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NWOBHM, Doom: Best Of

NWOBHM, Doom: Best Of
June 26, 2013, 12:01:20 AM
Black Sabbath - first 6

Judas Priest - Sad Wings of Destiny

Witchfinder General - Death Penalty
Pagan Altar
Candlemass - Epicus, Nightfall
Cathedral - FoE

Saint Vitus?
Pentagram? (haven't heard enough to recommend)

Hour of 13 is bad. Magic Circle is 60-70/100, but shows promise. Anything else worth mentioning?

Re: NWOBHM, Doom: Best Of
June 26, 2013, 12:35:22 AM
Maybe Trouble's debut.

Re: NWOBHM, Doom: Best Of
June 26, 2013, 02:22:44 AM
Stained Class - Judas Priest
Relentless and Day Of Reckoning - Pentagram
Angel Witch - Angel Witch
Crimson Glory - Crimson Glory

Re: NWOBHM, Doom: Best Of
June 26, 2013, 09:43:49 AM
My compliments on Sad Wings of Destiny. If there's an Iron Maiden that fits this thread I'd say it's 'Somewhere in Time'. A more subtle, but at the same time one of their more consistent works.

I would add 'Ancient Dreams' to the best of Candlemass list.

Re: NWOBHM, Doom: Best Of
June 27, 2013, 02:44:30 AM
Is this "NWOBHM, doom" as in NWOBHM && doom or NWOBHM || doom?

Re: NWOBHM, Doom: Best Of
June 28, 2013, 12:50:44 AM
Is this "NWOBHM, doom" as in NWOBHM && doom or NWOBHM || doom?

The former. Candlemass and Cathedral were kind of obligatory inclusions.

Re: NWOBHM, Doom: Best Of
June 28, 2013, 01:47:55 AM
I certainly love Pentagram. Also on the older side of things, I consider older Uriah Heep to be Metal. Listen to Rainbow Demon and Gypsy!

Black Sabbath, definitely. Candlemass on first two albums are superb. I also agree on Angel Witch and Judas Priest's Sad Wings Of Destiny. Iron Maiden's debut is flawless. I had always avoided having a "favorite song" until I heard Phantom Of The Opera. The perfect romanticist blend of early punk and progressive rock.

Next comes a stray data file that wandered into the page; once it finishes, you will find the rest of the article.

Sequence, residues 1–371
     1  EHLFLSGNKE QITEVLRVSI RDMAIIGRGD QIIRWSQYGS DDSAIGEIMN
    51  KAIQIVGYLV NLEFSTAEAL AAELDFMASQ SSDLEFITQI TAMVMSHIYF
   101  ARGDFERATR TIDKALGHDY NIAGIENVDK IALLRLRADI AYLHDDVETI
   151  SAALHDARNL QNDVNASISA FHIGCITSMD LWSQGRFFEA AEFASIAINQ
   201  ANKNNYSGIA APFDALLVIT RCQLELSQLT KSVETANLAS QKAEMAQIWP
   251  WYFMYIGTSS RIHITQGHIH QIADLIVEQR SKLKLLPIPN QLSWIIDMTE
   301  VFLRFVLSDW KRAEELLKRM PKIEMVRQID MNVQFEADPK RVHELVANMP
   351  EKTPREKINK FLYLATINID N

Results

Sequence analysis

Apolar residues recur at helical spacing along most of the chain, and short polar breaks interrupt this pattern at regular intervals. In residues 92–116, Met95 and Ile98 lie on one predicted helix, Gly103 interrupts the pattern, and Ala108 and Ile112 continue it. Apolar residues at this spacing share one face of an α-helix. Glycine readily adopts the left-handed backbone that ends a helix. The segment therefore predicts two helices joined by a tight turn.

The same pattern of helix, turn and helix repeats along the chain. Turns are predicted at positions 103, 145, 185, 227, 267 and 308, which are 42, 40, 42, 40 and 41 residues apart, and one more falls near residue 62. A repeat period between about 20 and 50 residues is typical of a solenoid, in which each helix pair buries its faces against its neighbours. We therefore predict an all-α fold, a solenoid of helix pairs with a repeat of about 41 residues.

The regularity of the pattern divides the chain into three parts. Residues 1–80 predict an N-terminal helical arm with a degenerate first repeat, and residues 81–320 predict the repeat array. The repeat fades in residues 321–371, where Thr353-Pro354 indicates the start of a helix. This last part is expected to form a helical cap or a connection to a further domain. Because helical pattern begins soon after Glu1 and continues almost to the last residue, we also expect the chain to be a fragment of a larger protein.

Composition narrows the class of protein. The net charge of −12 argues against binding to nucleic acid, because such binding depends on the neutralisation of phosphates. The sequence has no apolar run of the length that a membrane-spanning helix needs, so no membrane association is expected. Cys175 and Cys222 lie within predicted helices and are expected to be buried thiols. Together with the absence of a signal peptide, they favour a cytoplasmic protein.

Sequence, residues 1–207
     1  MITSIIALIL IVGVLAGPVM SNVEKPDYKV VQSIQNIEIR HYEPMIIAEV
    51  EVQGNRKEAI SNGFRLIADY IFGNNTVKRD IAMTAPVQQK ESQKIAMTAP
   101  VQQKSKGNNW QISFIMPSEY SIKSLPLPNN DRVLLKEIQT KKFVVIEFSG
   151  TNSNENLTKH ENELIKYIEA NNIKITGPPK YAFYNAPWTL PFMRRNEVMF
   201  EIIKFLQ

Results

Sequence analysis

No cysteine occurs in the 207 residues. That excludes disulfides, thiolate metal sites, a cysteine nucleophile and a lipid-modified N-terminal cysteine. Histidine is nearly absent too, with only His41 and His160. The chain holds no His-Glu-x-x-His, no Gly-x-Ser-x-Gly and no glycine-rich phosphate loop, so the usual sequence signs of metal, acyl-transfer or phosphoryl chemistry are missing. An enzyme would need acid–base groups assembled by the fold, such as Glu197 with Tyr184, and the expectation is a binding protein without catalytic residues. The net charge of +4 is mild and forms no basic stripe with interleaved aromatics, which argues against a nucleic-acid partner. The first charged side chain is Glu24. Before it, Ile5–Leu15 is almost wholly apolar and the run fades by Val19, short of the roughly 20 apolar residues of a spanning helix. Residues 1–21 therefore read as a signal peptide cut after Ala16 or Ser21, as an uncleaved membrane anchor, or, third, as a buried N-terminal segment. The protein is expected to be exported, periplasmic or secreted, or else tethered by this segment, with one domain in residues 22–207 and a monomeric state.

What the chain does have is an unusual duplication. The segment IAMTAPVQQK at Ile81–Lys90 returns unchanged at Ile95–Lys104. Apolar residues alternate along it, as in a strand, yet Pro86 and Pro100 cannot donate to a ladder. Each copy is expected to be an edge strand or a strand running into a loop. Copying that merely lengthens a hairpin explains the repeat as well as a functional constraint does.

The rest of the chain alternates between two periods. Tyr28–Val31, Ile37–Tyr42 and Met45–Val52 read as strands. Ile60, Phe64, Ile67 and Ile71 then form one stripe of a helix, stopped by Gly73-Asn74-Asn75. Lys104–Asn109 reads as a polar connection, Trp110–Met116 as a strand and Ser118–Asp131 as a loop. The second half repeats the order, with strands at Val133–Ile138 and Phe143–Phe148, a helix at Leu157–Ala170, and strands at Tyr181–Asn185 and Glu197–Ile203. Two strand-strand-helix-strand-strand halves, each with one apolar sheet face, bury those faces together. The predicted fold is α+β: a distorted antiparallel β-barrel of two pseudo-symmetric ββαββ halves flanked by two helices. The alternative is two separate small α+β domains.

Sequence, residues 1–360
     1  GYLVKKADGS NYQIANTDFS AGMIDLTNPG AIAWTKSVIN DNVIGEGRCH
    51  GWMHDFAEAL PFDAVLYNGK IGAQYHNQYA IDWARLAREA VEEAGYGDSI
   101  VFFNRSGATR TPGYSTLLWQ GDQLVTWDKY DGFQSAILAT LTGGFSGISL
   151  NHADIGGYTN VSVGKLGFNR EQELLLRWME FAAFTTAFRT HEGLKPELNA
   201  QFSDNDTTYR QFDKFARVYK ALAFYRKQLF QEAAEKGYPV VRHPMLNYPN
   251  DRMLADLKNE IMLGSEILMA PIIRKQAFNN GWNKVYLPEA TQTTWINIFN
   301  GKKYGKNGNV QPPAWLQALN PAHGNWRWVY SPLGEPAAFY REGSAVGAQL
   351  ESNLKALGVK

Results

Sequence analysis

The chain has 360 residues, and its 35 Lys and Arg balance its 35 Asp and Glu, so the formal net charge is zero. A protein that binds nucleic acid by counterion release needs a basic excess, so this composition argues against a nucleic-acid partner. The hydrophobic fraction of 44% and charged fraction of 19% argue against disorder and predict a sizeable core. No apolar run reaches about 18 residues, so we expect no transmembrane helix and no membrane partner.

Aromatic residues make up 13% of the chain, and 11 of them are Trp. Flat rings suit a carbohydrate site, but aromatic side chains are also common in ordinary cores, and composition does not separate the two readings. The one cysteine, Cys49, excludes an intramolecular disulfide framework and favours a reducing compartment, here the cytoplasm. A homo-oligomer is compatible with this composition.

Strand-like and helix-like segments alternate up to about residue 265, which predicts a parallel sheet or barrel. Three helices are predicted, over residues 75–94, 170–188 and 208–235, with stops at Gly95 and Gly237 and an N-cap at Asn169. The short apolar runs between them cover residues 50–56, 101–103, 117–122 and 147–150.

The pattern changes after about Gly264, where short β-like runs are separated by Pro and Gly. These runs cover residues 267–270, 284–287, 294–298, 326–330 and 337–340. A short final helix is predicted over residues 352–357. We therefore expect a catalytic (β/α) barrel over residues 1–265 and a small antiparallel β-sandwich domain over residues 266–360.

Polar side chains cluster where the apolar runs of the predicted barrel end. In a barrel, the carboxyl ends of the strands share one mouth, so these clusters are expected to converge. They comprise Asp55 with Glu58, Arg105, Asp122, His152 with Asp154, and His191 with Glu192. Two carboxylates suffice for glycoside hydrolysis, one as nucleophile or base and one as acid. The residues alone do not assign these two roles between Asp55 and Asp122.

Motorhead are rock n' roll but it still never hurts to mention them in any discussion whatsoever!

Re: NWOBHM, Doom: Best Of
June 28, 2013, 03:09:57 AM
Ah! Im glad you changed the sabbath entry from first 4 to first 6! Sabbotage is great.

I've never liked volume 4, oddly. They seem to go fully blues hard rock and loose what set them apart from other hard rock bands (apart from the first track, which is one of their best)

Re: NWOBHM, Doom: Best Of
June 28, 2013, 11:31:30 PM
Ah! Im glad you changed the sabbath entry from first 4 to first 6! Sabbotage is great.

I've never liked volume 4, oddly. They seem to go fully blues hard rock and loose what set them apart from other hard rock bands (apart from the first track, which is one of their best)

Apart from Master of Reality, and maybe Paranoid, a lot of their albums are really patchy. I feel the same way about most of the above bands. For whatever reason, artists in this genre aren't particularly consistent, even when they get it right. Maybe because of the proximity to rock/pop music?

Re: NWOBHM, Doom: Best Of
June 29, 2013, 03:41:00 AM
I've always been partial to the two albums Solstice (UK) put out.  New Dark Age has some fairly interesting compositions.

Re: NWOBHM, Doom: Best Of
June 29, 2013, 09:58:59 PM
Pentagram? (haven't heard enough to recommend)